Last year we were approached by The Rainbow Centre to form a community partnership. To be honest, we hadn’t really heard of The Rainbow Centre before but our Council team was invited to tour the centre and observe a class in session to help us to understand all that they do for the South coast.
The current purpose built centre in Fareham opened in April 2006 after the charity started in 1990 bouncing around several locations. As you walk into the building there are lots of colours and animals to greet you. In the hallway leading to the classrooms are pictures, trees and flowers. The pictures include captions of the most recent ‘milestone’ the student had achieved. For us what they see as ‘milestones’ we take for granted. Such things as ‘sat up by myself’, ‘took two steps’ and ‘brushed my hair’ are huge accomplishments to kids with Cerebral Palsy and adults with MS, Parkinson’s and victims of stroke.
There are two large classrooms with all sorts of toys and equipment used during the Conductive Education (CE) sessions. CE was developed in Hungary in 1945 and most of the Conductors, the professional who delivers CE, are trained in Hungary to deliver this training to help the students learn to perform everyday tasks. There is an observation room in between the classrooms to observe the sessions without intrusion but we were allowed to sit in the classroom during a Saturday morning session. The Conductor was challenging the children in the class to roll over on their own with the help of music and different sounds. We all felt a bit self-conscious sitting and staring at the kids as they practised their skills, especially since we are taught not to stare at people who are different to us.
But this is how they really drive home what happens during these sessions and how much they mean to the kids and families. There are even volunteers on hand to help to entertain the siblings while their parent and sibling are in class. The bit that really got us was that the Rainbow Centre received zero state funding for the therapy and support that they provide.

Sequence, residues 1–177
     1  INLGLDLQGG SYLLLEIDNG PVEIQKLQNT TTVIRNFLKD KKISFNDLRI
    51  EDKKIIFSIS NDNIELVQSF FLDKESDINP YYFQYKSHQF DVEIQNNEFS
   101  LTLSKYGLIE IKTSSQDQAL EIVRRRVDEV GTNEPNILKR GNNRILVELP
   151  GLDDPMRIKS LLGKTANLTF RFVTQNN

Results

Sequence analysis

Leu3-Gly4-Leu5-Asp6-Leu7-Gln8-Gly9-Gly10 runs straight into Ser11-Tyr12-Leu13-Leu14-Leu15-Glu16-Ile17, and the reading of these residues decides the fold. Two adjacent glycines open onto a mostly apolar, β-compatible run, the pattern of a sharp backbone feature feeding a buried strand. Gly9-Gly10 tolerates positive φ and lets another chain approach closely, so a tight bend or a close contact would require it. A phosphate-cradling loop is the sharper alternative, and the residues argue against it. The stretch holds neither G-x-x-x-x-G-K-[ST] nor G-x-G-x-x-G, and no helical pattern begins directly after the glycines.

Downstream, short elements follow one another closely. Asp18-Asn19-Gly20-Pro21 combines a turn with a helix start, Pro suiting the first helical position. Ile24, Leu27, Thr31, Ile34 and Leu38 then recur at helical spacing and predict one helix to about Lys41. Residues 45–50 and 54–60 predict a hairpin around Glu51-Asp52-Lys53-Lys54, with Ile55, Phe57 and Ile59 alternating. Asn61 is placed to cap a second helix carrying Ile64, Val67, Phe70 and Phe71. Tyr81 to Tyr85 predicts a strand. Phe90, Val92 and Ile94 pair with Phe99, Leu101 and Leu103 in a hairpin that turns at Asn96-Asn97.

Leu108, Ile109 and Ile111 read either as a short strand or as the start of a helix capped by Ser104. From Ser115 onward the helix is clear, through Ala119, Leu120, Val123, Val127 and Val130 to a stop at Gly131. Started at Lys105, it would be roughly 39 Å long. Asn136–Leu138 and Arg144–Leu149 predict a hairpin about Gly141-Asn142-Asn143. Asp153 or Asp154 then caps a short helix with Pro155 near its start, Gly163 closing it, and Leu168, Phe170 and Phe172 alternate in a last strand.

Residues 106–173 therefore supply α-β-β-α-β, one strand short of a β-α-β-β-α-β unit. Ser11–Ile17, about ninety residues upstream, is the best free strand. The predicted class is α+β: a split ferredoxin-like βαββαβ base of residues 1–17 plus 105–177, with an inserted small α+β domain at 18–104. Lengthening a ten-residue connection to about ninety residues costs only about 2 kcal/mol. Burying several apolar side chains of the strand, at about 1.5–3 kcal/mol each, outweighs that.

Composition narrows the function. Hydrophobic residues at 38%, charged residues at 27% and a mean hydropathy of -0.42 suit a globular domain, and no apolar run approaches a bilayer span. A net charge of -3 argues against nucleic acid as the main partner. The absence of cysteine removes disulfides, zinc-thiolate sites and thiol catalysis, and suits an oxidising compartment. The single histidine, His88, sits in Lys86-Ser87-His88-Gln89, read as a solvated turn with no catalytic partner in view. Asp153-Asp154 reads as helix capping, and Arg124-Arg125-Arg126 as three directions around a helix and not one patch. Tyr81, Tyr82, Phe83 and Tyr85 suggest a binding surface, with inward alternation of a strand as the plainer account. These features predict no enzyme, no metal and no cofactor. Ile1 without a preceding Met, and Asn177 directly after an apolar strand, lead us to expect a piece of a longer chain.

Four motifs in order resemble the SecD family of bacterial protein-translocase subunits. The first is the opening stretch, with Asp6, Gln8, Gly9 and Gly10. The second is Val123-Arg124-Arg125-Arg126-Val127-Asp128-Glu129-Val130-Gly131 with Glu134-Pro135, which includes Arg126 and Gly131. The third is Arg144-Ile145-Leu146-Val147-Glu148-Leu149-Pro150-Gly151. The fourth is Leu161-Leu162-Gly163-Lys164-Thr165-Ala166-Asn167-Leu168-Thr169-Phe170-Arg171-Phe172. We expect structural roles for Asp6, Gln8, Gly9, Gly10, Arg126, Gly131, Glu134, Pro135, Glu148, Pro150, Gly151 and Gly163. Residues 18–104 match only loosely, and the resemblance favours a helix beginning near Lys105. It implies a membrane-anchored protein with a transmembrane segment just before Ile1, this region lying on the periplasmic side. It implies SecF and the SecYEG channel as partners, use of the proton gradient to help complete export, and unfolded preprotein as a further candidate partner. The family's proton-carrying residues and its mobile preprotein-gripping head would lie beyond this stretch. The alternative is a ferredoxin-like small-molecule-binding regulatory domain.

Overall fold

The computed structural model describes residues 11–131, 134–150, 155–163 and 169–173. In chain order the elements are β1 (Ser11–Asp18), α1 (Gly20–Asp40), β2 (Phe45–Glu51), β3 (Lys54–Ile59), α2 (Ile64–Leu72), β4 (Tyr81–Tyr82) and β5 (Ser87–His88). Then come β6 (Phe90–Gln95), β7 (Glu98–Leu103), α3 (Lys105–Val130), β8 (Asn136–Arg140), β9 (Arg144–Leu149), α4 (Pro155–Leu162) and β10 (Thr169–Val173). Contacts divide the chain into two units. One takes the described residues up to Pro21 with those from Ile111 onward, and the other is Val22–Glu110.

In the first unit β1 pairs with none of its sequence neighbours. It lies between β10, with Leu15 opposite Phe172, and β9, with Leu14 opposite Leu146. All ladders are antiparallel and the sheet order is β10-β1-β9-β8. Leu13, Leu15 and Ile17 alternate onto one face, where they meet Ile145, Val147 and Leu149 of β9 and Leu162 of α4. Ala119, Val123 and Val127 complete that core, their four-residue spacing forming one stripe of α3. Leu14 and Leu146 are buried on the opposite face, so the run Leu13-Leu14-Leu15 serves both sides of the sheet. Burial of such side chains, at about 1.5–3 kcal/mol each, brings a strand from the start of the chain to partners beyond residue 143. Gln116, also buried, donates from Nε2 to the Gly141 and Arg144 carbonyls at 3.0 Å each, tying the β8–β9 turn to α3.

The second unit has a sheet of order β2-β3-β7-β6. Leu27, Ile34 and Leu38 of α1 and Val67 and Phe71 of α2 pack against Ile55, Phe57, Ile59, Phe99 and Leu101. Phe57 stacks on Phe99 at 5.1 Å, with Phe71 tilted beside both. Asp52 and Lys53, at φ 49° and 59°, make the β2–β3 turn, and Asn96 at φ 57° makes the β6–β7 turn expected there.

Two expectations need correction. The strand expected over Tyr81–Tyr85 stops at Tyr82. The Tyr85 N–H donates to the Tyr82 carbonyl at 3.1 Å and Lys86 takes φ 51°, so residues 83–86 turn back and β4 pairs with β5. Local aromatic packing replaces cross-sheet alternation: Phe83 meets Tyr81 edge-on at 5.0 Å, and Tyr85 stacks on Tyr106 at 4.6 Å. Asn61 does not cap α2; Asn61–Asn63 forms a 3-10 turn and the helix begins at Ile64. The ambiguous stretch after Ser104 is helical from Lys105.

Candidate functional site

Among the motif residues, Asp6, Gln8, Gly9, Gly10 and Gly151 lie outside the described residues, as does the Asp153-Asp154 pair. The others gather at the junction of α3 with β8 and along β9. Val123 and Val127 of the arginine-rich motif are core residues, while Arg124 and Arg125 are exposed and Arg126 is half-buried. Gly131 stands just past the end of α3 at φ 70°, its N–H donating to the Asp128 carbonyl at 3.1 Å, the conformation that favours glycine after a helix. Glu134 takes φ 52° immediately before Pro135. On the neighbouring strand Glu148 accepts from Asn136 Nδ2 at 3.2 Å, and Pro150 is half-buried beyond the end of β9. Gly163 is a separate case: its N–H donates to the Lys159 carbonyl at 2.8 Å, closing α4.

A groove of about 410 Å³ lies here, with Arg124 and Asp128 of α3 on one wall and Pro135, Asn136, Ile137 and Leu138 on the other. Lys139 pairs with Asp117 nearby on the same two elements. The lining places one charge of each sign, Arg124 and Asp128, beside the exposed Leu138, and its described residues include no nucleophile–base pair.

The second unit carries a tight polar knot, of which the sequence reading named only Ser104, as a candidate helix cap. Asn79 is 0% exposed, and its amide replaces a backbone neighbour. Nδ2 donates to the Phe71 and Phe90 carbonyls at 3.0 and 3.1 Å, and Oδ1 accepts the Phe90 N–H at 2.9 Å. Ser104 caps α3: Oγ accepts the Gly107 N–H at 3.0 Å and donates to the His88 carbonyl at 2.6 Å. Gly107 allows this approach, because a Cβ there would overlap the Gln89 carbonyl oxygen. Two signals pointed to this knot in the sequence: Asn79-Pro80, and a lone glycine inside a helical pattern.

The fact that the CE techniques actually help to avoid invasive surgery and yet they still have to raise £45,000 per month to continue to offer classes to ensure the students have every chance of independence, for us was insanity. We left the centre that day with a new found appreciation for the impact they have on these families and how important the work of the Conductors is. So far we have raised money for the Rainbow Centre via raffle ticket sales, Great South Run donations and a recent abseiling fundraiser.
JCI Portsmouth member Natasha absailing for Rainbow Centre
We also put on an Easter Egg Hunt this year for the kids where the Easter bunny made a special appearance. One parent even said that ‘it was the best Easter Egg Hunt we’ve ever been to’.
JCI Portsmouth team with Mr Easter Bunny and their easter egg collection
WE NEED YOUR HELP!
We are asking Summerfest attendees to donate any unwanted clothes, home items and children’s toys to The Rainbow Centre to sell in one of their three charity shops on the south coast. In particular, we need:
- Ladies clothing (especially evening wear!)
- Household goods
- Bridal gowns
- Bridesmaid dresses
- CDs & DVDs
- Games and puzzles
- Children’s clothing & toys
It costs £45,000 a month to keep the centre running and every little bit helps. Thank you so much for your support.
Categorised in: Charity
This post was written by Soraya Bowen